The shooting of unarmed black teenager Trayvon Martin in Florida has exploded into the American public consciousness, raising questions about race relations and equality in the US. Martin, 17, was returning home after a trip to buy snacks on the evening of 26 February when he caught the attention of 28-year-old George Zimmerman, a local neighbourhood watch volunteer. Zimmerman called 911 and claimed the teenager was acting suspiciously; despite specific instructions from the operator not to do so, Zimmerman, armed with a 9mm handgun, pursued Martin. An altercation ensued, which left the unarmed 17-year-old dead from a gunshot wound to the chest.
The fact that Zimmerman has remained at liberty despite admitting to the killing has caused outrage. Florida police have insisted they had no grounds for an arrest because Zimmerman had claimed self-defence under the state’s ‘stand your ground’ statute, and there is no evidence to disprove his account. But amid growing public fury, the FBI and the Justice Department have announced a new investigation into the shooting.
Florida’s self-defence law under scrutiny. Daniel Nasaw explained at the BBC that Florida’s self-defence statute “states that people have no duty to retreat from a place they are legally allowed to be, and have the right to use deadly force if they ‘reasonably’ believe they or another person are threatened with death or serious harm.” Nasaw pointed out that Florida is notable because the statute doesn’t just allow for a self-defence argument at trial but “can make a person who successfully claims self-defence immune from arrest or prosecution”. Supporters of the law argue that Florida’s self-defence law deters crime and allows innocent people to protect themselves, reported Nasaw. However, critics believe the statute is open to abuse, particularly as “the laws in Florida and other states with similar laws do not require there be an actual threat, only that the shooter ‘reasonably believe’ he or she is in mortal peril”.
“He’s coming towards me. He’s got his hand in his waistband. And he’s a black male … Something’s wrong with him. Yup, he’s coming to check me out. He’s got something in his hands. I don’t know what his deal is … These assholes, they always get away,” George Zimmerman told the 911 dispatcher before the shooting, heard on recordings released by Florida release after pressure from Martin’s family. Source: The Guardian.
Gun dependence. “The poison may not be racism but the psychotic love affair with guns that afflicts too much of America,” suggested The New York Daily News. Since the ‘stand your ground law’ came into force in Florida, “the number of criminal defendants claiming justifiable homicide has tripled in the state, and the defense has worked in most cases,” pointed out the paper, calling for a full investigation into the killing.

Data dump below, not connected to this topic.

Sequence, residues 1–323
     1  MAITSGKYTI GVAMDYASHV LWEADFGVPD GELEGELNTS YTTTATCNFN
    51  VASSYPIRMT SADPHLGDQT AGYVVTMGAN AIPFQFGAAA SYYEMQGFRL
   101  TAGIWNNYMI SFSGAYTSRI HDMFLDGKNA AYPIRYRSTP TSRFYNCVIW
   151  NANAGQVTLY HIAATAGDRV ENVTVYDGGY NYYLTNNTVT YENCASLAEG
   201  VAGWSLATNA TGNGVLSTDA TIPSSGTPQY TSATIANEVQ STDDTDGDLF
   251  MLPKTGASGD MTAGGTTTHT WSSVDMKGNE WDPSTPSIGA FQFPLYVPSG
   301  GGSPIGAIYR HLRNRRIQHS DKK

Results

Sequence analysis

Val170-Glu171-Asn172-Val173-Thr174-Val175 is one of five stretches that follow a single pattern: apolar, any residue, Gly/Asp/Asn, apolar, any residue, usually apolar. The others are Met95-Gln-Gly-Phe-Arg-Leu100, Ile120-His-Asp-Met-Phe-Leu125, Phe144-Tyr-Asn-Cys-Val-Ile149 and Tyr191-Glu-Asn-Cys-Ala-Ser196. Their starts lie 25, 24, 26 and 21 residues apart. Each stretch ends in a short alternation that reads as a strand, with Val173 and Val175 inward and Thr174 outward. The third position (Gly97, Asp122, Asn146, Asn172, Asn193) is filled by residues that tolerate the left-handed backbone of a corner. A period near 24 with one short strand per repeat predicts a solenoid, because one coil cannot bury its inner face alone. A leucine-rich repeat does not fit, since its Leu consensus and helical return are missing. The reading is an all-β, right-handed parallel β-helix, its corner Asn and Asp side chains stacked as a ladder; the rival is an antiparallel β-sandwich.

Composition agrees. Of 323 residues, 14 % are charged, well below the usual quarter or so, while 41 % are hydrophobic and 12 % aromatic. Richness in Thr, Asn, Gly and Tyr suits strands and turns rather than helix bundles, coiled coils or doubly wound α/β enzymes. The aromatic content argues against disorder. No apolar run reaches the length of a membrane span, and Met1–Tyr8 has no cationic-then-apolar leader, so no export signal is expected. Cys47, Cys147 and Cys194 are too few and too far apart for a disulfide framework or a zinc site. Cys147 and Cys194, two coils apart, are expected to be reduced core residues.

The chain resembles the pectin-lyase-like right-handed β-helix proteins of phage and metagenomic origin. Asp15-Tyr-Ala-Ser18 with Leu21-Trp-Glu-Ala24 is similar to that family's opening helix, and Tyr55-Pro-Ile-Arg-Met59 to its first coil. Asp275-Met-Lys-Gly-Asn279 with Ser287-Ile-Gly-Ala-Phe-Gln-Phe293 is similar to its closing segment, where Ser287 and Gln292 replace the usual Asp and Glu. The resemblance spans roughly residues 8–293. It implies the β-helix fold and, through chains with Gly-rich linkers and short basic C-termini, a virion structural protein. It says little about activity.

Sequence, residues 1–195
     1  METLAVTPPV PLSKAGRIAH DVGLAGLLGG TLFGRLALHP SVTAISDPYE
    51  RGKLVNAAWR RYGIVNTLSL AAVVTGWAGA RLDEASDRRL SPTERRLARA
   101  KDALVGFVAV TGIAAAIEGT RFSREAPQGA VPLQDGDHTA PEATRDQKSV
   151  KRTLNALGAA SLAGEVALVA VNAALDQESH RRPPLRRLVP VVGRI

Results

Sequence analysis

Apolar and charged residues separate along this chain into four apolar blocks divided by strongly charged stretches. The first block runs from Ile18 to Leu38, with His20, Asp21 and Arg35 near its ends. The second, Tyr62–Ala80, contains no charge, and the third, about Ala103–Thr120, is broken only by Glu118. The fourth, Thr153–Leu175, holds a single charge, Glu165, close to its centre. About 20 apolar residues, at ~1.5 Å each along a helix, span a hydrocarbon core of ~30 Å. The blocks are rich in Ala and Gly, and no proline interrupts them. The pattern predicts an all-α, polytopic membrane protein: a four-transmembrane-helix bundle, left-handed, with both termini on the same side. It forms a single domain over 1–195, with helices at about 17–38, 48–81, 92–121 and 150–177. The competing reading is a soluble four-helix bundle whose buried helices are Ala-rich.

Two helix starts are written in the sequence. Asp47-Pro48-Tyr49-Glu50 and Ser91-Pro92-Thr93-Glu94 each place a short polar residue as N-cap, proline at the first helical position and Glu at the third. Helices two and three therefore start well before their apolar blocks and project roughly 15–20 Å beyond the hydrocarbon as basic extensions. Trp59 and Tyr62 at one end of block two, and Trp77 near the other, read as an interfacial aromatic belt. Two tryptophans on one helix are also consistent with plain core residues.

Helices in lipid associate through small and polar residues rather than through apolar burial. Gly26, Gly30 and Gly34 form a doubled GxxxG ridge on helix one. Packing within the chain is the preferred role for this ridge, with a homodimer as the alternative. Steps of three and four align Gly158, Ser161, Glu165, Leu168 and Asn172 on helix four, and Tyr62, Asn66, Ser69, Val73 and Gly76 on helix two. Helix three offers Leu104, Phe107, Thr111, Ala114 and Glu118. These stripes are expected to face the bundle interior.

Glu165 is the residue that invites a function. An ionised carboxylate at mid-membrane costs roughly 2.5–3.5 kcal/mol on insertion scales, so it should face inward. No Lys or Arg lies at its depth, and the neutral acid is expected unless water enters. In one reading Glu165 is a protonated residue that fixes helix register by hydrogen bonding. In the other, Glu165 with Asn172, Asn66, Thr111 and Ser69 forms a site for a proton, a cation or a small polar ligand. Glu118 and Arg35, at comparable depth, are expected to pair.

Florida police under fire. “As more evidence emerges, including revelations that police did not test Zimmerman for drugs and alcohol before releasing him after a short detention, the police department is coming under more and more criticism for its handling of the case,” wrote Patrick Jonsson at The Christian Science Monitor. Jonsson reported that the Martin family’s lawyer has released a taped statement from Trayvon’s girlfriend, whom he was talking to on his mobile phone as events unfolded. The teenager was apparently concerned that Zimmerman was following him and broke into a run to escape his pursuer.
“This kid was simply trying to walk home and get out of the rain while he talked to his little friend. And that’s all he was doing. He was completely innocent,” said Ben Crump, lawyer to the family of slain teenager Trayvon Martin, reported Reuters.
‘Racist Elmer Fudd’. “From where he spotted Martin, Zimmerman could determine nothing more than that the teen was guilty of Walking While Black,” wrote Mobutu Sese Seko at Gawker. Assessing Zimmerman’s self-defence claim, Seko pointed out that he chose to pursue the teenager through the neighbourhood, “playing Racist Elmer Fudd”. What is so depressing about this case is that it is so familiar and unsurprising: “This could have happened anywhere,” said Seko.
Under suspicion. “One of the burdens of being a black male is carrying the heavy weight of other people’s suspicions,” wrote Jonathan Capeland at a Washington Post blog. Capeland reported that back in the 1980s, his mother taught him never to talk back to police or to run in public in cased he aroused suspicion. “This is 2012. So much has changed for the better since then. But then comes along a Trayvon Martin to remind us that the burden of suspicion is still ours to bear. And the cost for taking our lives might be none,” Capeland wrote.
Outrage slow to grow. The Kony 2012 campaign galvanised people across the US, provoking outrage at atrocities carried out in Uganda, pointed out Allison Samuels at The Daily Beast. But outrage has been “slow to build” over the Trayvon Martin case, even though the killing was closer to home: “Can real justice, mercy, and compassion be demanded for those in a foreign land and not for those closer to home? Is it somehow easier to feel the pain and suffering of those of a different race and browner faces when they aren’t so up close and personal?”
Listen to a recording to the 911 call made by George Zimmerman ahead of the killing.